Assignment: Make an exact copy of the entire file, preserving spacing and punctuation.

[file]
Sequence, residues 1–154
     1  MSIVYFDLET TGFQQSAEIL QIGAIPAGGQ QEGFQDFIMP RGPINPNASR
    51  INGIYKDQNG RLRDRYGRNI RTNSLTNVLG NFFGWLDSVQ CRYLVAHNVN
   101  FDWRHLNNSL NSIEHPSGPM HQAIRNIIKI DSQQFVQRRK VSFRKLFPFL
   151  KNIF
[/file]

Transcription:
Sequence, residues 1–154
     1  MSIVYFDLET TGFQQSAEIL QIGAIPAGGQ QEGFQDFIMP RGPINPNASR
    51  INGIYKDQNG RLRDRYGRNI RTNSLTNVLG NFFGWLDSVQ CRYLVAHNVN
   101  FDWRHLNNSL NSIEHPSGPM HQAIRNIIKI DSQQFVQRRK VSFRKLFPFL
   151  KNIF